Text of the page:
I’m laptopping you from a quiet nook in the garden of Audubon House, a small museum in Key West, Florida. In April of 1832, Audubon stayed in this house and counted nineteen species right here in this garden. He also painted some of the locals including the Roseate Spoonbill (I saw five of these overhead this morning), the Brown Pelican and the Great White Heron. Now the evening sky glows and beyond the quay pelicans are diving in the last light.
John James Audubon (1785-1851) was born in Haiti, the son of a chambermaid and a French sea captain. Educated in France, he moved to the USA in 1803 in order to avoid conscription in Napoleon’s army. Living as a naturalist, hunter and birder he made small coin as a portraitist and art teacher. Several attempts at commerce failed. Along the way he devised a plan to paint a complete record of the birds of North America. Unable to find a local publisher, Audubon went to England in 1826 and linked up with an engraver named Robert Havell. The result was the publication of The Birds of America, four volumes of 435 hand-tinted aquatints. These folios are now among the most famous and prized books in the world.
Audubon was a boastful, obstreperous fellow. With his long, bear-greased hair, black frock coat and pantaloons, he cut an odd figure. He remained focused on his project for more than twenty years. When he was on a roll he employed assistants to paint leafy bracts and backgrounds. He worked in watercolour, pastel, collage, graphite and oil — sometimes all in one painting. Birds were shot and wired up in lifelike poses. Museums cooperated by supplying the skins of birds he could not find in life.
Finding subscribers was often his main job. He signed up the nobility and gentry on both sides of the Atlantic. Monthly or yearly payments were made in exchange for serial deliveries — five prints at a time, flat in a tin box. By the time Audubon completed the set many of his subscribers were dead or had lost interest. There were perhaps about 160 of the edition completed. Audubon died at 66, probably of Alzheimer’s. Lucy, his widow, sold some of the copper plates for scrap, and died poor.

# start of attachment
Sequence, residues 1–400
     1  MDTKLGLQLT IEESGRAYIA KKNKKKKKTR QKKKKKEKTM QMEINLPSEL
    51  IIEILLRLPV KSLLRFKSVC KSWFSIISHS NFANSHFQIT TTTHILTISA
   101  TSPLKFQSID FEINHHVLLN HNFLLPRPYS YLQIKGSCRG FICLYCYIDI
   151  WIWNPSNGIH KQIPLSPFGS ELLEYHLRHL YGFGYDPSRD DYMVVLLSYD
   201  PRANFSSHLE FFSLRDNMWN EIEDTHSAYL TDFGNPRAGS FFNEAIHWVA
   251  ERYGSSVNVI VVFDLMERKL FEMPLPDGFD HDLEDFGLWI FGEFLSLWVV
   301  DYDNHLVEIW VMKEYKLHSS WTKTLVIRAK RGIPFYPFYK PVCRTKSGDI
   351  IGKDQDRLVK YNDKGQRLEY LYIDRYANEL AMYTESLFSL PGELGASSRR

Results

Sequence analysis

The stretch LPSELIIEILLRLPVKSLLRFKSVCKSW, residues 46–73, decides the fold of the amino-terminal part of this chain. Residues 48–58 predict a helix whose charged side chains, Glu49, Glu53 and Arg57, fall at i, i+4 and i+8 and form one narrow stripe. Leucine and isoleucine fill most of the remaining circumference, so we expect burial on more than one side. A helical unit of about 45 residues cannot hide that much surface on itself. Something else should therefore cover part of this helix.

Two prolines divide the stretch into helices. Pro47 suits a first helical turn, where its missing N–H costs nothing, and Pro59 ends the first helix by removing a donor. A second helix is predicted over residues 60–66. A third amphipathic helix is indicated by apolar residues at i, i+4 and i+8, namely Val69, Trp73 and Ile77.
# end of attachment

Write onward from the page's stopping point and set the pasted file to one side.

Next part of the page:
PS: “Audubon was his own best public relations agent, providing newspapers with interesting letters and stories about himself. His bravery and endurance in search of new species of birds and his progress in producing the prints made good copy. Editors and reporters expanded, dramatized and glorified the reputation of this appealing, romantic figure.” (Annette Blaugrund, The Artist as Entrepreneur)
Esoterica: The public was struck by the complex and graphic drama in many of Audubon’s paintings. Some, such as Wood Duck and Carolina Parakeet are hard to beat by even the top bird painters working today.
This letter was originally published as “Of Audubon and birds” on January 27, 2004.
Sara Genn: New Paintings runs until November 2, 2018 at Voltz Clarke Gallery, 141 East 62nd Street, New York City. If you’re in the neighbourhood, we would love to see you there.
“A true conservationist is a man who knows that the world is not given by his fathers but borrowed from his children.” (John James Audubon)
Do you feel stuck in a rut? Need time to reflect on transitions? Long for an extended art-play date? Join Ellie Harold for a unique expressive art-making retreat for 12 women in colonial San Miguel de Allende, Mexico. Re-establish flow in your life through painting, movement, soulful discussion, and a wealth of cultural, visual and culinary delights. (Everyone has their own room!)
Art practice will encourage intuitive use of color and expressive mark-making with emphasis on process rather than technique. Materials provided or you can bring your own.
An inspired facilitator and prolific oil painter, Ellie invites all experience levels (including none) to participate in Painting for Pleasure.